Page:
Although Telematics Insurance is relatively young, it is a proven technology and as pricing remains a key difficulty, there are however, new, creative and credible models being put forward. The added problem, is that the Industry that is set to benefit most, (Insurance) is, by it’s nature – risk averse. It is a cultural issue that needs to be addressed and this can only be done by embracing such technologies that can assist in the risk management processes.
The fact is: In the future, insuring a driver, (person) may not actually have anything to do with the person. The risk of accidents occurring is based on how the vehicle is being driven in a physical space and the interaction between it, that space and other vehicles. Whether the driver is 17 years old or 77 years old, female or male, experienced or not is irrelevant. The vehicles’ capacity also has nothing to do with the risk. Whether the vehicle is a 6 litre Supercar or a 1 litre hatchback, the risk to an underwriter is no longer based on probability. It is now, based on FACT.
From the moment an individual starts the vehicle, we can measure in real time, exactly what is important by way of engine revs, speed, acceleration, braking, cornering and where and when the vehicle is performing such functions. This is the information that when properly processed by the telematics device, we are able to see the risk that the driver of the vehicle is exposing that vehicle and themselves to, i.e. their Risk Profile (RP). We should therefore, no longer think of driver insurance as being based on people and their likelihood of being involved in an accident.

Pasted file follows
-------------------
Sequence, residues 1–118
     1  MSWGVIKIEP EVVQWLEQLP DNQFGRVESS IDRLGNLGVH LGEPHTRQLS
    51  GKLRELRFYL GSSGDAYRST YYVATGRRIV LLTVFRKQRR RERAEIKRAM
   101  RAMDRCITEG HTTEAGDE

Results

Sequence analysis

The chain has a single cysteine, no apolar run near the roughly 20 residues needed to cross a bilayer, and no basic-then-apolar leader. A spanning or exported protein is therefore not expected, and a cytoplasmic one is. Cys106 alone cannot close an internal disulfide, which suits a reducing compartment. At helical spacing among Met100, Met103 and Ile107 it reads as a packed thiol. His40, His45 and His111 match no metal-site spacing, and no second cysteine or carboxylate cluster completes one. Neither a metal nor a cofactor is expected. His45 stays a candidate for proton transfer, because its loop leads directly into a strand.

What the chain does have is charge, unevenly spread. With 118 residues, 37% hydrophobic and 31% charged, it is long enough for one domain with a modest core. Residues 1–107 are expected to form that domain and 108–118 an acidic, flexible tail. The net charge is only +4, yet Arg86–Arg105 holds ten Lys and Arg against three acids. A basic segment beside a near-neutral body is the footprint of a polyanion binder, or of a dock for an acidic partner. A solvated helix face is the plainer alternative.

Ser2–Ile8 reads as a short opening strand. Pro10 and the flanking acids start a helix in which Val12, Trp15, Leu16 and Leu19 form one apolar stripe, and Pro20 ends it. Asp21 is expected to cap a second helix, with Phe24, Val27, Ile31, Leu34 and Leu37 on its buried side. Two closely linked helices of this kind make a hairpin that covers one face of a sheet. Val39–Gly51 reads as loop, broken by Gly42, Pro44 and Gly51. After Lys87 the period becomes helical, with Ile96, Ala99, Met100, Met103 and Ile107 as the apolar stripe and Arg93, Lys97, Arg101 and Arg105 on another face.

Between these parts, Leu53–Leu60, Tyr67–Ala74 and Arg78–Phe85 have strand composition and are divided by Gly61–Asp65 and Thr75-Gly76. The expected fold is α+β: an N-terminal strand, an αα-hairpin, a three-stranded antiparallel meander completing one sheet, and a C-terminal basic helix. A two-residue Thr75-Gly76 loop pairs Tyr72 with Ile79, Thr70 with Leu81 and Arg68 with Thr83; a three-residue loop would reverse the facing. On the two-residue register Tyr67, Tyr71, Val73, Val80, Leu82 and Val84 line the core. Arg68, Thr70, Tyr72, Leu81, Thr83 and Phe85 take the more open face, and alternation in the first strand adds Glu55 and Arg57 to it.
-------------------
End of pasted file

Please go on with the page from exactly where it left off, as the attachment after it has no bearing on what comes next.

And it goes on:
I believe that future insurance policies will have a basic premium to cover the mandatory legal element as well as the value of the vehicle. The rest of the policy can be covered by Driver Credits on ‘Pay As You Go’ type policies which we now refer to as Pay How You Drive. If a device measures and reports that the vehicle is being driven well, at a ‘low risk’ time of day/night, in a relatively low risk environment, (safe, well-lit road) then fewer credits are used up by the device enabling the driver to drive longer for the same amount of money. If the same driver chooses to drive more erratically, late at night, in a known accident black spot area, then they have affected their own RP and they can see those driver credits being used up more quickly. When nearing depletion, the policy holder is sent an email/text with a link to a payments page to top up their insurance as required. Insurers have an opportunity to incentivise their customers here by offering lower cost driver credits, the more they buy.
The real benefit of vehicles equipped with telematics devices is their ability to engage with the driver. In their simplest form, a telematics device can display a traffic light system on a dash-mounted device. The good driver is rewarded for driving smoothly within a % of a speed limit in a particular area with a green light which again is reflected in an economic use of their driver credits and other social benefits due to reduced emissions. Of course, the obvious and to my organisation, the primary aim of telematics – is to influence driver behaviour in order to reduce accidents and to save lives. Again, benefitting Insurers and our road using communities.
I believe that the Insurance Industry has a responsibility, not simply to view the Telematics Insurance as an opportunity to reduce their exposure, save money and gain market share. They must embrace Telematics, which will in turn influence the driving culture of their policy holders for the good of all future road users.